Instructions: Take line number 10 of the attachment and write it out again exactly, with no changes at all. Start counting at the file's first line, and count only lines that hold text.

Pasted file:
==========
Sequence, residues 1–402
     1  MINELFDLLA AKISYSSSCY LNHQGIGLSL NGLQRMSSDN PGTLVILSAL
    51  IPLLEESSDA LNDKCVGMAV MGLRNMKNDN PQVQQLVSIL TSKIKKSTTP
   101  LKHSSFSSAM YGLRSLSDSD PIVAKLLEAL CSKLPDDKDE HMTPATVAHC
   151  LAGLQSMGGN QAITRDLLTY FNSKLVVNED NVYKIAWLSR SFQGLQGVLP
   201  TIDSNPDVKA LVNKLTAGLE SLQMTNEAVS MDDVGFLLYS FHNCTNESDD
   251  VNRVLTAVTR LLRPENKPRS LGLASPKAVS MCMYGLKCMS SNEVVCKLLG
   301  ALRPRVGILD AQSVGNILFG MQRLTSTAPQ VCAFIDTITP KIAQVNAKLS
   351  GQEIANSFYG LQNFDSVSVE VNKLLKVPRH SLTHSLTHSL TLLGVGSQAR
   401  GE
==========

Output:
   401  GE